Thank you.

 

A standing-room-only crowd envisioned Boston Living with Water at the ABX Design Charrette

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Thank you to the 120+ architects, landscape architects, planners, engineers, scientists, students, public officials, and urban leaders who donated their afternoon on October 29 — the second anniversary of Superstorm Sandy — to thinking about how three different Boston sites might be reconfigured to accommodate rising seas AND encourage vibrant, beautiful communities.

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Twelve teams tackled three different sites, chosen because they represent a range of different conditions and design opportunities:  (from north to south)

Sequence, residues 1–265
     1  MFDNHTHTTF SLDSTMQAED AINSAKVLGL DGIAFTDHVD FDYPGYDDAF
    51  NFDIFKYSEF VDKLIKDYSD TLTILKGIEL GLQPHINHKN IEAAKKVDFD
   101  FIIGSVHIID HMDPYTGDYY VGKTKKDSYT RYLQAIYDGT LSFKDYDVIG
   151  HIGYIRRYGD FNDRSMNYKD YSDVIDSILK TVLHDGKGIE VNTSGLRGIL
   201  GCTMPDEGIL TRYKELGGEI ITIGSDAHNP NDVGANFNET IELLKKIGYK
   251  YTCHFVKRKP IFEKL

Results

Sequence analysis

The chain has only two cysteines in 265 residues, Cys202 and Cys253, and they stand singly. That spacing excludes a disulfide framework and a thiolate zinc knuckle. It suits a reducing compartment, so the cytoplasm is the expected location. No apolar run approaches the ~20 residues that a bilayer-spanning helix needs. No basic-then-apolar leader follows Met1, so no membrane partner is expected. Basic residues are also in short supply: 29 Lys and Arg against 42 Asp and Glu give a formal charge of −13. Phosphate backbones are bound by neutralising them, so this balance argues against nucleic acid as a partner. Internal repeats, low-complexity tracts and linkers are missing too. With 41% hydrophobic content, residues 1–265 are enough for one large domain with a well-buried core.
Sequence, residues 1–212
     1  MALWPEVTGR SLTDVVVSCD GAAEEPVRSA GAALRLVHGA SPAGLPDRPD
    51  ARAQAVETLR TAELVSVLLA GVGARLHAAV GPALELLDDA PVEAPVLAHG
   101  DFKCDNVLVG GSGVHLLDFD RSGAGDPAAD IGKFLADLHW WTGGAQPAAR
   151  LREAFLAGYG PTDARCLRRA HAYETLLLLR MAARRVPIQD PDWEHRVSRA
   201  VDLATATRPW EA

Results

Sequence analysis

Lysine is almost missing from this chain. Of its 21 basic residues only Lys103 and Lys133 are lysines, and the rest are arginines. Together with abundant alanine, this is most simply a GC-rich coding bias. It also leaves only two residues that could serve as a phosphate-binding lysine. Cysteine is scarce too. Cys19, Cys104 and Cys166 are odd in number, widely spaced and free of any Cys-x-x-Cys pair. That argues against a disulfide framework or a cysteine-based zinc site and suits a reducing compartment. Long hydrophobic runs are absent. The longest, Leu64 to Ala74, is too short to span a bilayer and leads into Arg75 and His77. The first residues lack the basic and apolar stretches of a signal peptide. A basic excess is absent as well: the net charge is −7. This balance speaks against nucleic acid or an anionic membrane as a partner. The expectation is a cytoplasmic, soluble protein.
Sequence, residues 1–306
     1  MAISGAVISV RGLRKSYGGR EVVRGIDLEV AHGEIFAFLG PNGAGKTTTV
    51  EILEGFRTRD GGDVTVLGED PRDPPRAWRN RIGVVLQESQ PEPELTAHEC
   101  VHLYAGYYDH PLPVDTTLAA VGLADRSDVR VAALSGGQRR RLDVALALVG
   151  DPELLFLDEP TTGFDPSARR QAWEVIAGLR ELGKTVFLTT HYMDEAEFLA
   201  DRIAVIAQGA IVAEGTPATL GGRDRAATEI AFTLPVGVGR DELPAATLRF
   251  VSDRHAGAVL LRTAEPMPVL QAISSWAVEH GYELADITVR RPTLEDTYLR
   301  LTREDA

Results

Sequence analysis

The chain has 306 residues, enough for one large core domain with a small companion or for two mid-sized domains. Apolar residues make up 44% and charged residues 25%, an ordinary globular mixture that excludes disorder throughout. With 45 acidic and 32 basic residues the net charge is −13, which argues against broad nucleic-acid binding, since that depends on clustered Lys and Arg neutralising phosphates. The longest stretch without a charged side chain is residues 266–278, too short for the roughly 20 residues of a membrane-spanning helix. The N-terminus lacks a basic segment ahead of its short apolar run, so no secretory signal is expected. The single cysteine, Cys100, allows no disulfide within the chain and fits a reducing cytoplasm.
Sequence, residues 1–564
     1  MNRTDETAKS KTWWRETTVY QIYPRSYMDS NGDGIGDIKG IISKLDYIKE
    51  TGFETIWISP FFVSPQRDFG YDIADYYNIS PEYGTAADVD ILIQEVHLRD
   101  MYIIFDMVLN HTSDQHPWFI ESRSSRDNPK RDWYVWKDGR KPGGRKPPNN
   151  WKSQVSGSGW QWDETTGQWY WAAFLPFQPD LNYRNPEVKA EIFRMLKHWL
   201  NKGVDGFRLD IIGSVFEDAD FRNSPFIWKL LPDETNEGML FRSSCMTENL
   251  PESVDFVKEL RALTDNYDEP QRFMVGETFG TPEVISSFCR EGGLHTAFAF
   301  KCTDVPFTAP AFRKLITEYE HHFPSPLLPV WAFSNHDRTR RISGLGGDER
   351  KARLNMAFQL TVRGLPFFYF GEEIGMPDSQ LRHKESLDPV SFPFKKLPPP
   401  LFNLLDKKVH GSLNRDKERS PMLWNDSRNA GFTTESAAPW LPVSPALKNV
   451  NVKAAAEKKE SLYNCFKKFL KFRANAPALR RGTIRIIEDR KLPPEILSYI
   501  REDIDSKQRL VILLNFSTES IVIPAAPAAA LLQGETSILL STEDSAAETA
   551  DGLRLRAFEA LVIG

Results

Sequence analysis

Liberty Plaza, near Central Square, East Boston;

the public plaza at Long Wharf, Downtown Boston/North End;

Joe Moakely Park, South Boston.

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The Living with Water design COMPETITION, launched the same day, asks entrants to focus on a similar spectrum of representative sites along the Boston Harbor.  The charrette and competition are designed to complement each other, and both encourage “Living with Water” ideas.  That is, not to wall off sea level rise, nor retreat, but instead imagine ways in which chronic flooding might be incorporated into an urban setting.

charrette2014_4

In 2015, the CDRC will develop neighborhood workshops based on ideas from the design charrette.  We will pilot this in East Boston, working with Chris Marchi and the youth of the Chelsea Creek Action Group at NOAH, supported by a grant from the BSA Foundation.